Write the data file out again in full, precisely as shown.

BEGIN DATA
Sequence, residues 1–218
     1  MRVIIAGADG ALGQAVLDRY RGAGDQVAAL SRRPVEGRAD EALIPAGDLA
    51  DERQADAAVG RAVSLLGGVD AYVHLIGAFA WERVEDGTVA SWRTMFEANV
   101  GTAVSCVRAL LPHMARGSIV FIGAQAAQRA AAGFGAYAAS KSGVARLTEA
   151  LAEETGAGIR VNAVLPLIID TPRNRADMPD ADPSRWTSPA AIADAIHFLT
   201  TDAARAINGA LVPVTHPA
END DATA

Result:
Sequence, residues 1–218
     1  MRVIIAGADG ALGQAVLDRY RGAGDQVAAL SRRPVEGRAD EALIPAGDLA
    51  DERQADAAVG RAVSLLGGVD AYVHLIGAFA WERVEDGTVA SWRTMFEANV
   101  GTAVSCVRAL LPHMARGSIV FIGAQAAQRA AAGFGAYAAS KSGVARLTEA
   151  LAEETGAGIR VNAVLPLIID TPRNRADMPD ADPSRWTSPA AIADAIHFLT
   201  TDAARAINGA LVPVTHPA